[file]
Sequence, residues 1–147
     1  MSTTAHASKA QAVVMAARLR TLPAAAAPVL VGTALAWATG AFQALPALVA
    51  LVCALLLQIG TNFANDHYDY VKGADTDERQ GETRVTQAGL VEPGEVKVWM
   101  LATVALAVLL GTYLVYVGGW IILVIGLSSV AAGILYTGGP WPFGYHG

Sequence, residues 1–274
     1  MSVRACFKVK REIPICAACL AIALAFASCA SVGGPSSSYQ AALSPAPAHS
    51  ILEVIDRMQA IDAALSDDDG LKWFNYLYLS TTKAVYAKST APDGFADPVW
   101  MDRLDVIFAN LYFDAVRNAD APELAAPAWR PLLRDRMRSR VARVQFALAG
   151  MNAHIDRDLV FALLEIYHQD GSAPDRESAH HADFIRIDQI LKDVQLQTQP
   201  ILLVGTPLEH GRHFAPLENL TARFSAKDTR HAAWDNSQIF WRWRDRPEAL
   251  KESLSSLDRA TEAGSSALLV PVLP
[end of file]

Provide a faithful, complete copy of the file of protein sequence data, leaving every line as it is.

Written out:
Sequence, residues 1–147
     1  MSTTAHASKA QAVVMAARLR TLPAAAAPVL VGTALAWATG AFQALPALVA
    51  LVCALLLQIG TNFANDHYDY VKGADTDERQ GETRVTQAGL VEPGEVKVWM
   101  LATVALAVLL GTYLVYVGGW IILVIGLSSV AAGILYTGGP WPFGYHG

Sequence, residues 1–274
     1  MSVRACFKVK REIPICAACL AIALAFASCA SVGGPSSSYQ AALSPAPAHS
    51  ILEVIDRMQA IDAALSDDDG LKWFNYLYLS TTKAVYAKST APDGFADPVW
   101  MDRLDVIFAN LYFDAVRNAD APELAAPAWR PLLRDRMRSR VARVQFALAG
   151  MNAHIDRDLV FALLEIYHQD GSAPDRESAH HADFIRIDQI LKDVQLQTQP
   201  ILLVGTPLEH GRHFAPLENL TARFSAKDTR HAAWDNSQIF WRWRDRPEAL
   251  KESLSSLDRA TEAGSSALLV PVLP